the mood at westminster had calmed slightly but once again, downing street and the prime minister are facing questions about whether boris johnson was prepared to follow the rules that he has to as prime minister. ., ., rules that he has to as prime minister-— rules that he has to as prime minister. ., ,, , ., , . minister. 0k, thank you very much, nick eardley. _ minister. 0k, thank you very much, nick eardley, there. _ the bank of england has raised interest rates for the fifth time in a row. the base rate is going up a quarter of a percentage point — to 1.25% — its highest level in 13 years. the move is aimed at fighting high inflation amid soaring energy prices. our economics correspondent andy verity is outside the bank of england for us now. andy, this was widely predicted? yes, a quarter of a percentage point was widely predicted, the bank of england has been raising rates for obvious reasons, we have the highest inflation, 9%, we have had since 1982 and today the bank of england is predicting it will get up above
11% in october. it was saying above 10% before but now it is saying above 11% and as you say, their fifth consecutive rise, the highest interest rates we have had since 2009 and in fact, you can say interest rates are now ten times what they were a year ago because in the pandemic, they were cut to 0.1%. 1.25% is still quite low, though. we have had emergency low levels of interest rates really since march 2009 which was supposed to be something that went on for a few months but it has stayed low because the bank of england has not really felt able to raise interest rates because of weak economic growth and stagnant living standards. but now with global energy prices as you mentioned pushing up the cost of goods and services around the world, they feel they have two act to head off inflation. the idea is that if you make it more expensive to borrow, people will be less likely to borrow and have less money to spend on other things and that should cool down the economy, that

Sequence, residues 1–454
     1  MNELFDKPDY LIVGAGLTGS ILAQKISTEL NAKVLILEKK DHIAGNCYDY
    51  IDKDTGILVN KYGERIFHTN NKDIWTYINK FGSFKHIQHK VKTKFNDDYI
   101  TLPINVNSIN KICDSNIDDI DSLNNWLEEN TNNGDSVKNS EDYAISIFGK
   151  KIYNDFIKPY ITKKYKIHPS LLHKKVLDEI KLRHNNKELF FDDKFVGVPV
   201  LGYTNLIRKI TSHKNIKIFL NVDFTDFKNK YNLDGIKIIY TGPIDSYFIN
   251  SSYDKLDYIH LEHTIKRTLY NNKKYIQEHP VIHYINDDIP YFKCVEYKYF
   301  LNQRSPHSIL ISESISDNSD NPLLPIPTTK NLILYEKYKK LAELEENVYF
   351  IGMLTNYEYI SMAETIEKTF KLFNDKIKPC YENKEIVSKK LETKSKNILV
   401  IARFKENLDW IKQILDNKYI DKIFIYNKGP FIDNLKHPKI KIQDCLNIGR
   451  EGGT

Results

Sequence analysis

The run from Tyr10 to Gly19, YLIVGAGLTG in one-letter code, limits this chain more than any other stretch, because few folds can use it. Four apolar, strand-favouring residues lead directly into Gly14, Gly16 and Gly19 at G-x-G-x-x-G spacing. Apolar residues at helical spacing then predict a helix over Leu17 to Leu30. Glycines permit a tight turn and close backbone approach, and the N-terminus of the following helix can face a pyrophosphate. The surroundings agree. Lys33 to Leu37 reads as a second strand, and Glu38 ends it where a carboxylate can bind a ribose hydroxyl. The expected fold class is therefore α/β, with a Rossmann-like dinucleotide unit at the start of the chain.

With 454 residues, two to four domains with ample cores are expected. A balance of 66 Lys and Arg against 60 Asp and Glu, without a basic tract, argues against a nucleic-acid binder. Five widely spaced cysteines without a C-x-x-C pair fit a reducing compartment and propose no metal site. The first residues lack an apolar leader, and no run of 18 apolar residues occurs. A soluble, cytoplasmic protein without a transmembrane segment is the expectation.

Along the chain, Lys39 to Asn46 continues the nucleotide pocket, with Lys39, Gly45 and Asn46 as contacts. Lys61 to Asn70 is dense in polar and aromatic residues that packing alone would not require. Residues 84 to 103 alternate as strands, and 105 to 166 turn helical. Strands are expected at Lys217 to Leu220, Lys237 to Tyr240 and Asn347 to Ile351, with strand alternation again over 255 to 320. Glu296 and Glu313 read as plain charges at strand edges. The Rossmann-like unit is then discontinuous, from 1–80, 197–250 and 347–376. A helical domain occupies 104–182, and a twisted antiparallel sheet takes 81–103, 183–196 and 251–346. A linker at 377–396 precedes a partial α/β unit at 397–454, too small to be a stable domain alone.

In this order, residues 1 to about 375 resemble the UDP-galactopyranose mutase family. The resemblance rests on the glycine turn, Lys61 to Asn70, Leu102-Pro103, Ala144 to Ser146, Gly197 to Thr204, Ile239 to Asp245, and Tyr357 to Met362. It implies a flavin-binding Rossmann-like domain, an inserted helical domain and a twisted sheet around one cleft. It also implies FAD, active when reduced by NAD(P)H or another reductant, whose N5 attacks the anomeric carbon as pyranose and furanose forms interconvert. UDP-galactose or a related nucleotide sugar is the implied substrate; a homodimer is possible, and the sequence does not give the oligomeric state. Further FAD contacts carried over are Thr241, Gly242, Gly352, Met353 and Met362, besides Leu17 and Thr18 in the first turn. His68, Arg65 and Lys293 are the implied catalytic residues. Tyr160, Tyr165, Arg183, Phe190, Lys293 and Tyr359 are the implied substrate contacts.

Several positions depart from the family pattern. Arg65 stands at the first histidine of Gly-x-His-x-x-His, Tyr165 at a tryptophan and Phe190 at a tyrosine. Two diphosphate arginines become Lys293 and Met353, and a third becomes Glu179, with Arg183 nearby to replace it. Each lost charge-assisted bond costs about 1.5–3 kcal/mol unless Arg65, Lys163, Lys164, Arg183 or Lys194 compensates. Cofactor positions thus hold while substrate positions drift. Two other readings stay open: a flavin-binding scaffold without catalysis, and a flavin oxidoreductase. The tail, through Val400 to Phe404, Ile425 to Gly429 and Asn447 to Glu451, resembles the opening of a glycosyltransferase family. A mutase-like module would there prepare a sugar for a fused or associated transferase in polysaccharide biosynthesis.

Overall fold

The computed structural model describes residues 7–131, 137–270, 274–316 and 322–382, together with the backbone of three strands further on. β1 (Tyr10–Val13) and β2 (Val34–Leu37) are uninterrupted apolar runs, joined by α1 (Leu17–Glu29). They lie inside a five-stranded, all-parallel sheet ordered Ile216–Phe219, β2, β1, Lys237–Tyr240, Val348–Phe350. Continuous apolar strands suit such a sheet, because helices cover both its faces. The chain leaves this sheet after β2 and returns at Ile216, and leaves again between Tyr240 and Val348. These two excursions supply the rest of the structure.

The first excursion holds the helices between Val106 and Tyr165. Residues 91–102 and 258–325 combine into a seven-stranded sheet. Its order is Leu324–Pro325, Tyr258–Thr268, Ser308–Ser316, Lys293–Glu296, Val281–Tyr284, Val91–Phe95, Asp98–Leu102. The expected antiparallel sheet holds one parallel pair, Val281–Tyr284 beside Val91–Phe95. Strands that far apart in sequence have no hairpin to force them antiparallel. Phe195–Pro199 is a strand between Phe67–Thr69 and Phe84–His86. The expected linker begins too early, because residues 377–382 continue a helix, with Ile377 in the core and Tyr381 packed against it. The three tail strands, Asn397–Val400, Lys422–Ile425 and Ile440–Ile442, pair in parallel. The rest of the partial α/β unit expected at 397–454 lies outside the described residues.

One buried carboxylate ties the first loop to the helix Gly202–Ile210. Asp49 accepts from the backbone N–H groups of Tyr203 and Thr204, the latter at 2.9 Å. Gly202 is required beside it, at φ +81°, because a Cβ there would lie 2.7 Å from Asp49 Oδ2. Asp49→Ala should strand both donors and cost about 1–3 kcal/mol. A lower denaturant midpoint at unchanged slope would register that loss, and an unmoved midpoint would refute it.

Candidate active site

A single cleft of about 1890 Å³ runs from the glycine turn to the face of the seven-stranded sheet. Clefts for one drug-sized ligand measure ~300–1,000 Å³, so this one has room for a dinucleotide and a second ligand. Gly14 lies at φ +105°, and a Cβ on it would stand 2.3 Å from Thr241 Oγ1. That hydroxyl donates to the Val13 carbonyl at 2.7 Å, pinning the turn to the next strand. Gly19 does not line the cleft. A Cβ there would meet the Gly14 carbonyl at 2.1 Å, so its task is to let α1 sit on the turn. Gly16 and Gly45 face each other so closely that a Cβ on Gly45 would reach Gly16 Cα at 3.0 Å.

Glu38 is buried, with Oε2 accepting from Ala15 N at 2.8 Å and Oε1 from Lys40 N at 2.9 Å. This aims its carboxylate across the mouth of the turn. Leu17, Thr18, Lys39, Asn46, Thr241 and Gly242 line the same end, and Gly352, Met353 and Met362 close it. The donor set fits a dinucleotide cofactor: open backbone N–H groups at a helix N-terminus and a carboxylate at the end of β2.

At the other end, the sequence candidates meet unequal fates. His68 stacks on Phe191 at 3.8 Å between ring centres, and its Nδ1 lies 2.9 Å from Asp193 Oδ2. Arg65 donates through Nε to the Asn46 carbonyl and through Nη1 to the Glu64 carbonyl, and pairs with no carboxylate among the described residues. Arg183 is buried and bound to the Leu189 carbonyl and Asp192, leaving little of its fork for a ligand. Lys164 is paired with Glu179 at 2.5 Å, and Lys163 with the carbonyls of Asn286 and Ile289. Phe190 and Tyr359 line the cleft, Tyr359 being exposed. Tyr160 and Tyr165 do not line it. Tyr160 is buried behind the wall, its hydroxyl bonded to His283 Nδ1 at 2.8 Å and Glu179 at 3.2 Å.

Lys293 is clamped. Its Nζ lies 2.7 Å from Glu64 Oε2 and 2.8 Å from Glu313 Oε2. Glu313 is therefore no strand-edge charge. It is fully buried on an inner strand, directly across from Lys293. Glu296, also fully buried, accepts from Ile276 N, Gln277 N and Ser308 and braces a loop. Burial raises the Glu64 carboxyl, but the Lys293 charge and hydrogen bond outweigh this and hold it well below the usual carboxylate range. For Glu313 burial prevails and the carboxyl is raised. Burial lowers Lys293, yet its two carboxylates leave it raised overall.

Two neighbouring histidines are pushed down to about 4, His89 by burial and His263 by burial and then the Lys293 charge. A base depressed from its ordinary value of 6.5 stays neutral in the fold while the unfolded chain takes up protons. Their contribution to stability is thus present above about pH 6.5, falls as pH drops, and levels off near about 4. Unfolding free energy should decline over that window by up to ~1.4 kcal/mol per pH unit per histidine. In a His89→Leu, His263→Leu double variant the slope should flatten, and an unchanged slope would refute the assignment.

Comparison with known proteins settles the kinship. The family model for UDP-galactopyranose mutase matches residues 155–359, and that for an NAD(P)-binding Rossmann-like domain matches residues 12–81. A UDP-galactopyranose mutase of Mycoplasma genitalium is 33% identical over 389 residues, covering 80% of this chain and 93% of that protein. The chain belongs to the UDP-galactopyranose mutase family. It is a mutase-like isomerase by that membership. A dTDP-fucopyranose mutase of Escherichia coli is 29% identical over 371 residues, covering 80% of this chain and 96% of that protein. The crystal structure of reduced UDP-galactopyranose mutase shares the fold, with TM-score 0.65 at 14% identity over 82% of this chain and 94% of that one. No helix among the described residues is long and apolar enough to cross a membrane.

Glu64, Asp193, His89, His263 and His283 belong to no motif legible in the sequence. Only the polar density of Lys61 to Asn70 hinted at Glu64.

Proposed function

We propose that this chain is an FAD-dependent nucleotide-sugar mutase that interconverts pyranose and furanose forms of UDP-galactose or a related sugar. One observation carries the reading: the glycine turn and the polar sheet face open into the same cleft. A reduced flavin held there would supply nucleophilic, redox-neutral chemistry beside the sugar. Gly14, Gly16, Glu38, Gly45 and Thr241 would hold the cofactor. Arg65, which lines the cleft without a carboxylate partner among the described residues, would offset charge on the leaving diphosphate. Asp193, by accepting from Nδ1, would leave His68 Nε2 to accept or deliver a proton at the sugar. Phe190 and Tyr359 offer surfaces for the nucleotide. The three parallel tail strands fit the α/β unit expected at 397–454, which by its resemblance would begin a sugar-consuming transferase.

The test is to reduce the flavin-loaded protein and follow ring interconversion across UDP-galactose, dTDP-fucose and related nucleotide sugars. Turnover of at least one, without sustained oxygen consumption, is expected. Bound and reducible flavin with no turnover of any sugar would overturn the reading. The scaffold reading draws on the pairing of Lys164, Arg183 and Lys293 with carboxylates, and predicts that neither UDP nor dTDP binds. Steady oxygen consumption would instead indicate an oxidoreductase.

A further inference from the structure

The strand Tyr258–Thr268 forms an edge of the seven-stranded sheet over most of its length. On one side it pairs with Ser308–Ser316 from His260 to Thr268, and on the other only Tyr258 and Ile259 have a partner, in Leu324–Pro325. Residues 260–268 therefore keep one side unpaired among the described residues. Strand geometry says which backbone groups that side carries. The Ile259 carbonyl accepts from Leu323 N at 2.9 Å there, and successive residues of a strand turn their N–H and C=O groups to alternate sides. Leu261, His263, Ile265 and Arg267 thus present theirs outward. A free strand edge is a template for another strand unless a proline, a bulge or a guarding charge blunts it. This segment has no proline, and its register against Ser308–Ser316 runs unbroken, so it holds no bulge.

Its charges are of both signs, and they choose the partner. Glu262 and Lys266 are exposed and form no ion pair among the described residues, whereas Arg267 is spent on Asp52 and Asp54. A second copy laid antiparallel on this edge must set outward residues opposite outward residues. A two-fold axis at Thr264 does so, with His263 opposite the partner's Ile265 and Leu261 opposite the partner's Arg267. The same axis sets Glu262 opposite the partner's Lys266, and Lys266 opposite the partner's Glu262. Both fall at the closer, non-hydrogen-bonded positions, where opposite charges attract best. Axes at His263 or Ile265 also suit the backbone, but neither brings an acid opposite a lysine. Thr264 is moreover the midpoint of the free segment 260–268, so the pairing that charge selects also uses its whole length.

is what they hope. panda; should cool down the economy, that is what they hope.— is what they hope. andy verity at the bank is what they hope. andy verity at the lsank of _ is what they hope. andy verity at the bank of england, _ is what they hope. andy verity at the bank of england, thank- is what they hope. andy verity at the bank of england, thank you. | new figures show the health service in england is still under intense pressure as the country recovers from the pandemic. the number of people waiting for a routine operation climbed to nearly 6.5 million in may — that's one in every nine people in england and the highest since records began in 2007. but the nhs says there are signs of progress, with a fall in the number of people waiting more than two years. in a&e, 73% of people were seen within four hours. that is up slightly on last month but below the 95% target. ambulances in england took an average of a0 minutes last month to respond to emergency calls such as strokes or heart attacks. that's better than the previous month, but still more than twice the target of 18 minutes. our health correspondentjim reed has been speaking to the family of one man who died in march this year after waiting five hours for an ambulance. jerry has been trying to piece